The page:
The leader of the recently-formed Brexit Party assembly group has accused the Senedd’s presiding officer of being biased against his AMs.
Mark Reckless said Elin Jones had “tilted the playing field”, and said it was “wrong” that she was a member of a political party, Plaid Cymru.
He says his group is given fewer opportunities to question ministers.
But his AMs have been criticised for not submitting questions. The assembly said Ms Jones was always impartial.
Labour assembly members defended the presiding officer on Saturday. Caerphlly’s Hefin David said Ms Jones was “scrupulously fair”.
Rebecca Evans, Welsh Government minister responsible for assembly business, was one of several Labour AMs who defended Elin Jones on Twitter.
“This is typical of the snivelling ‘poor us’ narrative that Reckless tries to develop week after week,” she said.
“The reality is that the Llywydd is more than generous to him, and Reckless can’t blame her for the fact that his AMs are some of the least engaged.”
“Dangerous times when we start questioning [the Llywydd],” said Hefin David, Labour AM for Caerphilly.
“My view is that [Elin Jones] is a scrupulously fair and impartial presiding officer, and a very kind and supportive Senedd colleague.”
Nigel Farage announced the formation of the group of four AMs during the European Parliament election campaign last month.
AMs in Plaid Cymru, and some in Labour, complained that the group had no democratic mandate having not fought an election under a Brexit Party banner.
The presiding officer – or Llywydd – gave permission for it to go ahead, and an attempt to stop the group from forming went nowhere.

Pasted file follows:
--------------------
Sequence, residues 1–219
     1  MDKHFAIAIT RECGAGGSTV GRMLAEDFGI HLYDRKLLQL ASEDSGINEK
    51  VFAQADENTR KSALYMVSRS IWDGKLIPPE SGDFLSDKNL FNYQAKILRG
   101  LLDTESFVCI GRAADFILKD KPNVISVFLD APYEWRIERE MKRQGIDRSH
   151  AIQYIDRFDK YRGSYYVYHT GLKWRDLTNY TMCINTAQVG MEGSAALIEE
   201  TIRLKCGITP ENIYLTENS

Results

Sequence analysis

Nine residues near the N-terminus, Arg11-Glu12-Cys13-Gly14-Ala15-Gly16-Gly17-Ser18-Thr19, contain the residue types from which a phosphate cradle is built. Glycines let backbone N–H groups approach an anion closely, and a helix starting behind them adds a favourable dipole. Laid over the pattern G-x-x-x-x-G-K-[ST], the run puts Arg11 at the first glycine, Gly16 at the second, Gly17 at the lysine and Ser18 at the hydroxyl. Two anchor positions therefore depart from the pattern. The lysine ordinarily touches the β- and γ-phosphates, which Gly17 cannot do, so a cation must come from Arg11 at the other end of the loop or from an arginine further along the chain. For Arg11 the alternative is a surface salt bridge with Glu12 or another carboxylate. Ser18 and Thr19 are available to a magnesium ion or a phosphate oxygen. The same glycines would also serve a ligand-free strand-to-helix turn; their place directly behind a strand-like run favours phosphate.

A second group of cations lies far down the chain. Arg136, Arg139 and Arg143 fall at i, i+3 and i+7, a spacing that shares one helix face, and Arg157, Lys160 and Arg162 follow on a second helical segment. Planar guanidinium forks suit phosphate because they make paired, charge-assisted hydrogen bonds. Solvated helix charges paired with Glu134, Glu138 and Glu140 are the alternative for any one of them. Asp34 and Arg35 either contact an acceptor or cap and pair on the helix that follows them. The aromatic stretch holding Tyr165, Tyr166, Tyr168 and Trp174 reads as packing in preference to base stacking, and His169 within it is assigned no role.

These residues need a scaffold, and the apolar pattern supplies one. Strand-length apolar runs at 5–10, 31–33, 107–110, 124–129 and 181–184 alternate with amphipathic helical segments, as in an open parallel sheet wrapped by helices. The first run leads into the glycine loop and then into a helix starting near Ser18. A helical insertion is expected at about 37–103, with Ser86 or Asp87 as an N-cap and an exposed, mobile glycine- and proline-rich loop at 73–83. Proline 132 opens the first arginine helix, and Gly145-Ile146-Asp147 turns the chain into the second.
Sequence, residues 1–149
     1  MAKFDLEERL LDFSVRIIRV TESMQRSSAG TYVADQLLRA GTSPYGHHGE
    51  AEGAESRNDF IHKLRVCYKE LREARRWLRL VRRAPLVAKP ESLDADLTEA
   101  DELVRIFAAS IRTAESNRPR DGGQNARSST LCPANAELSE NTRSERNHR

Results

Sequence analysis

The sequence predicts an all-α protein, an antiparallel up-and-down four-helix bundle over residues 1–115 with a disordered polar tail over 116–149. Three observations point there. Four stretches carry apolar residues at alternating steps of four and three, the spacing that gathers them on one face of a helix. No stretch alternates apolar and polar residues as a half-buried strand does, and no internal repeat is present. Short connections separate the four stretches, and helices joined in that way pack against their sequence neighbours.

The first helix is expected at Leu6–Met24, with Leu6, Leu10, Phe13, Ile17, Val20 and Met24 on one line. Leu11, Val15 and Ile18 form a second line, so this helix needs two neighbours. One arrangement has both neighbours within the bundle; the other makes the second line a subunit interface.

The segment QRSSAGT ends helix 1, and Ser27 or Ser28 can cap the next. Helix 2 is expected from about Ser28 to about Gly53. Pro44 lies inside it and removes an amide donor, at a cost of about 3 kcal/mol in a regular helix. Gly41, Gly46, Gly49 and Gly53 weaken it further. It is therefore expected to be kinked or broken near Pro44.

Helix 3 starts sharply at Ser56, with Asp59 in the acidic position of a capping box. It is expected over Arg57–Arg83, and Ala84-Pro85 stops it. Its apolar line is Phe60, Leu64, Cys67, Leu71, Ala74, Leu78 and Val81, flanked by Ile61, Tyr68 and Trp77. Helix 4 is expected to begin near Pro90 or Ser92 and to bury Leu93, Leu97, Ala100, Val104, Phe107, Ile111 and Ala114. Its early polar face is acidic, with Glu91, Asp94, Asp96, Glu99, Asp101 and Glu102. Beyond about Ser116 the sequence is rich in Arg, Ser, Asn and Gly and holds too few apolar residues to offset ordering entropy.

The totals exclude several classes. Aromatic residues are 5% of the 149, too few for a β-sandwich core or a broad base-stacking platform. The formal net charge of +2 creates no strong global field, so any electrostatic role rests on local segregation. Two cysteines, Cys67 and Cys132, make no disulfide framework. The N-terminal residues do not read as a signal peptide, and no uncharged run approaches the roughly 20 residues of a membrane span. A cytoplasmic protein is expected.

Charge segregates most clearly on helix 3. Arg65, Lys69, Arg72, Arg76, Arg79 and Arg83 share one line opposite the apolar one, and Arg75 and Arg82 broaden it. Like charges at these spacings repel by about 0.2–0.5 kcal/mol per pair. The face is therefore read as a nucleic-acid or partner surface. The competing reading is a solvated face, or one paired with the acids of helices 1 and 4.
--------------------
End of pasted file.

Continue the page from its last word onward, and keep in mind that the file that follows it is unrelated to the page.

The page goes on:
The assembly’s presiding officer is equivalent to the speaker of the House of Commons – overseeing the conduct of debates and the business of the Senedd chamber.
But unlike the Commons, presiding officers in the assembly have remained members of their political parties.
Opposition party groups are able to nominate AMs to be spokespeople, who have rights to ask ministers questions during assembly proceedings.
Last Wednesday, in a tense exchange in the Senedd, Mr Reckless attacked presiding officer Elin Jones for cutting the number of questions party spokespeople could ask.
Mr Reckless said his group was able to ask ministers a “quarter” of what other parties could.
“Presiding Officer, won’t people conclude that you are biased as part of the Remain establishment,” Mr Reckless told Ms Jones.
The presiding officer replied saying the Brexit Party had been given the same allocation as UKIP – a party group until May – had recently.
But she added: “I need to point out to you that I can only call your members if they make requests to ask questions, and, for the record, for members, I received no such requests from the Brexit Party today.”
“You told us we couldn’t,” he responded.
He told the BBC’s Sunday Politics Wales programme that his group was “not being treated fairly”.
‘Tilted the playing field’
He said the Welsh Liberal Democrats were treated “completely the same” as others when it was a group of five.
“UKIP were only cut down in their spokespeople questions when they went down to a group of three. We’re larger than that.”
“I think that it’s wrong that the presiding officer is a member of Plaid Cymru – stays part of the Plaid Cymru group, has been able to employ people who are Plaid Cymru to come in and advise her,” he said.
“A lot of things in the assembly are better than in Westminster, but one thing I thought was better in Westminster is the idea that the speaker is neutral and leaves their party.”
“I don’t think it’s right that she’s tilted the playing field against the Brexit group,” he added.
A Welsh assembly spokesperson said: “The allocation of leaders and spokespeople’s questions is at the discretion of the Llywydd who acts with impartiality at all times, in line with standing orders.
“The Llywydd can only call members to ask questions in the Siambr (chamber) if a request is received.”
Sunday Politics Wales, BBC One Wales, 9 July, 1200 BST. Watch later on iPlayer.